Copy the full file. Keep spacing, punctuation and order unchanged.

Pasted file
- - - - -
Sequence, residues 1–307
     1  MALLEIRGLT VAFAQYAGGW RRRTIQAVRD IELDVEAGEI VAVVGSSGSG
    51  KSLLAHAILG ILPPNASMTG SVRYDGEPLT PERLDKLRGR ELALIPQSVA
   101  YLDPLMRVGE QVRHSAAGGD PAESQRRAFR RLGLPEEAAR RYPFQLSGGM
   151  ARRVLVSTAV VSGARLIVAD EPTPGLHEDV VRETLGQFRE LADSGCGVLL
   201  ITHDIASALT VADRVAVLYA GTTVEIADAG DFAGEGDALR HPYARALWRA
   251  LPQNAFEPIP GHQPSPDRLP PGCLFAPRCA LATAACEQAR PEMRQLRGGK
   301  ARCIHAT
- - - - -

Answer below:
Sequence, residues 1–307
     1  MALLEIRGLT VAFAQYAGGW RRRTIQAVRD IELDVEAGEI VAVVGSSGSG
    51  KSLLAHAILG ILPPNASMTG SVRYDGEPLT PERLDKLRGR ELALIPQSVA
   101  YLDPLMRVGE QVRHSAAGGD PAESQRRAFR RLGLPEEAAR RYPFQLSGGM
   151  ARRVLVSTAV VSGARLIVAD EPTPGLHEDV VRETLGQFRE LADSGCGVLL
   201  ITHDIASALT VADRVAVLYA GTTVEIADAG DFAGEGDALR HPYARALWRA
   251  LPQNAFEPIP GHQPSPDRLP PGCLFAPRCA LATAACEQAR PEMRQLRGGK
   301  ARCIHAT